Wednesday, May 07, 2008

Old Versus New: Middle Eastern Food

I have been reading Arabesque: A Taste of Morocco, Turkey, and Lebanon by Claudia Roden. It is fine as it goes with introductory pages for each country, sumptuous photography and exotic recipes. However, I was left cold as somehow I didn't feel Ms. Roden's personality shining through. If one wants a cookery manual, this is doubtless a fine one. However, I have come to demand more. (Yes, I know ... picky, picky, picky). Truth to tell, I am not so much interested in making Middle Eastern food as I am in reading about it. So that's a personal flaw as we can all see.

However, what that book did was make me go pick up my long-time favorite old edition of A Book of Middle Eastern Food.

I am reposting my review of it as compared to Ms. Roden's updated version which I believe that some visitors may not have seen as I wrote it some time ago. Bon appetit!

A Book of Middle Eastern Food by Claudia Roden

The New Book of Middle Eastern Food by Claudia Roden

The collection began fifteen years ago with a recipe for ful medames. I was a schoolgirl in Paris then. Every Sunday I was invited together with my brothers and a cousin to eat ful medames with some relatives. This meal became a ritual. Considered in Egypt to be a poor man's dish, in Paris the little brown beans became invested with all the glories and warmth of Cairo, our hometown, and the embodiment of all that for which we were homesick.

Our hosts lived in a one-room apartment, and were both working, so it was possible for them to prepare only with tinned ful. Ceremoniously, we sprinkled the beans with olive oil, squeezed a little lemon over them, seasoned them with salt and pepper, and placed a hot hard-boiled egg in their midst. Delicious ecstasy! Silently, we ate the beans, whole and firm at first; then we squashed them with our forks and combined their floury texture and slightly dull, earthy taste with the acid tang of lemon, mellowed by the olive oil; finally, we crumbled the egg, matching its earthiness with that of the beans, its pale warm yellow with their dull brown.

I always have loved A Book of Middle Eastern Food even though I have never cooked anything out of it. My affection stemmed from the fact that it has qualities no long found in most cook books. Roden is passionate about the food of the Middle East and writes with a charm and enthusiasm that is infectious. Throughout are stories of her life growing up and old folk tales from the region. Although the writing styles are very different, this book makes me think of M.F.K. Fisher's which have a connection to times past and human experience.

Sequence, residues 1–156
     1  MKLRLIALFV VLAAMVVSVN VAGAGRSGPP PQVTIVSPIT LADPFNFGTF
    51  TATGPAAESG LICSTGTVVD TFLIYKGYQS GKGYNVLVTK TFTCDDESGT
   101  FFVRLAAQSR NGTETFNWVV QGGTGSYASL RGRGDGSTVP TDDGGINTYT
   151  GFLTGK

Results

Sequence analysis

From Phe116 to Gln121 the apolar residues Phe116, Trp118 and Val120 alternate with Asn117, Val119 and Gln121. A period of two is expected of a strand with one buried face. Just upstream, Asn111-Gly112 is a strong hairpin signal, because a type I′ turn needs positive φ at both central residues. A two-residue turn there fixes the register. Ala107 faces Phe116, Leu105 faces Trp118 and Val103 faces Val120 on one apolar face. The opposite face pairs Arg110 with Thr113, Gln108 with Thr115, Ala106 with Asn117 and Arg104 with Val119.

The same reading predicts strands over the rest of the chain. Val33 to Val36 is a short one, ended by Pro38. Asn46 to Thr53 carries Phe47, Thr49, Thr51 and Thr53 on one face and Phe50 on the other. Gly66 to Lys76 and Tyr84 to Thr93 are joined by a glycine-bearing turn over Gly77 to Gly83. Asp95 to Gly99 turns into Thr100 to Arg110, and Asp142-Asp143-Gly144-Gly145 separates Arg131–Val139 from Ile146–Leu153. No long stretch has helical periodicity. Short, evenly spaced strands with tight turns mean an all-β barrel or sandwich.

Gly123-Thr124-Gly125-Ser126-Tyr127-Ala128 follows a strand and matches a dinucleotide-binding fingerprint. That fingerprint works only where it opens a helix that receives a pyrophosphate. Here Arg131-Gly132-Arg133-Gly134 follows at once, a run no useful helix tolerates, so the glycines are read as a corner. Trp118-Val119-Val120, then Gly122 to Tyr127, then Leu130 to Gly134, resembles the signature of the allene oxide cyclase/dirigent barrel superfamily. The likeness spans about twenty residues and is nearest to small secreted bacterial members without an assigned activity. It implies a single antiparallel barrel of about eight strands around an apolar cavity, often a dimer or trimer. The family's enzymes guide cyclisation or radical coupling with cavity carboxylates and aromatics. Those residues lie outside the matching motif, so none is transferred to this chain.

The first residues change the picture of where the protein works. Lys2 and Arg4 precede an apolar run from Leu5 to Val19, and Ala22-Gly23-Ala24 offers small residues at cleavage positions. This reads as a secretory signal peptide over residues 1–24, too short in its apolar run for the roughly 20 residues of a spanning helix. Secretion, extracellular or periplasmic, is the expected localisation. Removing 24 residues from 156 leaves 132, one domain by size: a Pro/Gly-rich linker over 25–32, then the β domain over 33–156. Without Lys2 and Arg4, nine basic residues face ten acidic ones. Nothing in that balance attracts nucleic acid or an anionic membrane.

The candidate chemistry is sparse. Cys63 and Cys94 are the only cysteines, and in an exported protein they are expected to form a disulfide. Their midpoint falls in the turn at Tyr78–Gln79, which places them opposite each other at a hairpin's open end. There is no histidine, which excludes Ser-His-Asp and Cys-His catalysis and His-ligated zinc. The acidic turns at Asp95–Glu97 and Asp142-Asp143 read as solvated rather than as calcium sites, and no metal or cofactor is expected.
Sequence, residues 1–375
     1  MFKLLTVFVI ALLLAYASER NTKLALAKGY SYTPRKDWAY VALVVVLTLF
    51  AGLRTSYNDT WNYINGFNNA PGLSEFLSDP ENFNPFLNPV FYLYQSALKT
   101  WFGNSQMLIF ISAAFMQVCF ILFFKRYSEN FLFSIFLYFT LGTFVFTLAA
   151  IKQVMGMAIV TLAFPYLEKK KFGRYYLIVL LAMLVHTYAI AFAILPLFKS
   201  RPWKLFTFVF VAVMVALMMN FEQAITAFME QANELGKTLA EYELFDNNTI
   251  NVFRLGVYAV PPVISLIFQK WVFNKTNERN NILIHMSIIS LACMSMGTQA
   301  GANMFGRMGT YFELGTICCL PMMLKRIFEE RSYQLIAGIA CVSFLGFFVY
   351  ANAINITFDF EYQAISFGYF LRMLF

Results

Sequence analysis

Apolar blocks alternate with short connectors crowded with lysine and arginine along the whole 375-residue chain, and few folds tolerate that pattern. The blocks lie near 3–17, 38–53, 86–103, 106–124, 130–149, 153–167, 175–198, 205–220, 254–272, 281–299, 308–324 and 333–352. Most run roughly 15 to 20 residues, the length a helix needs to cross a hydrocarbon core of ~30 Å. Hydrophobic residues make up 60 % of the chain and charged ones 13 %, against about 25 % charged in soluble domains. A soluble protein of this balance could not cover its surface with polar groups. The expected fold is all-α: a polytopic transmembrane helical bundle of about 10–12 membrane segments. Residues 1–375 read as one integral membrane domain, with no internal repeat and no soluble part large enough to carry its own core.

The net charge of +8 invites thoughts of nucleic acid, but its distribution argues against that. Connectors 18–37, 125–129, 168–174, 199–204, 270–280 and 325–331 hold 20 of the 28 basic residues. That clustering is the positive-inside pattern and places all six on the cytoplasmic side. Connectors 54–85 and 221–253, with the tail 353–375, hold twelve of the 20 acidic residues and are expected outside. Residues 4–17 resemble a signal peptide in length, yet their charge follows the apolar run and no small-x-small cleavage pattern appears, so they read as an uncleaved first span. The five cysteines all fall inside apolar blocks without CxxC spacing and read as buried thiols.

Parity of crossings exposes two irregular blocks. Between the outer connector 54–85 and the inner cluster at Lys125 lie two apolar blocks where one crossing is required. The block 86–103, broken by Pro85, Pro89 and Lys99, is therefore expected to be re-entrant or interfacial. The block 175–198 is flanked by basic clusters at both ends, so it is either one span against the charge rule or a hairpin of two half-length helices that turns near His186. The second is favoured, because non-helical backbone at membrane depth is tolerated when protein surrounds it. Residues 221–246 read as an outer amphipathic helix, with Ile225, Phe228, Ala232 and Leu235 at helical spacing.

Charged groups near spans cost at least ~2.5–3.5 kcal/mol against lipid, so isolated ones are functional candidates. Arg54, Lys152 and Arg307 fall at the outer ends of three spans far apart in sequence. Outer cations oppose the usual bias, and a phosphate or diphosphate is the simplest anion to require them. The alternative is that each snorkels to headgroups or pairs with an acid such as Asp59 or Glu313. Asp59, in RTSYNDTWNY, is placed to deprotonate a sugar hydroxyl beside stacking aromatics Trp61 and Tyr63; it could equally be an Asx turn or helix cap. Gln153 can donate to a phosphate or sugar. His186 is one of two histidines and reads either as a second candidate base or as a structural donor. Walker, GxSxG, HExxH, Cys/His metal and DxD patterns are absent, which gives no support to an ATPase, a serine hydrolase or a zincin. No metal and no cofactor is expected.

I have known for some time about the updated version but didn't become curious about it until recently. For one thing, I wasn't cooking from this book, which is perhaps all to the good as many of the Amazon reviews of this older edition are not very happy with recipe quality.

After reading the updated book I am sure that the recipes probably are more accurate and better written. However, much of the charm is gone. Roden herself admits that, upon rereading the original, she was embarrassed at the youth and passion which poured out of it. It is all too obvious where her prosaic, modern voice is inserted and many of the stories that flowed naturally in the original are now broken out into boxes which I thought broke up the book in a choppy manner.

I am happy enough to go to local restaurants for Middle Eastern food. If you want to make it yourself I am sure the new book is the best bet. I will stick with the original, however, and the passionate voice of Roden's youth.

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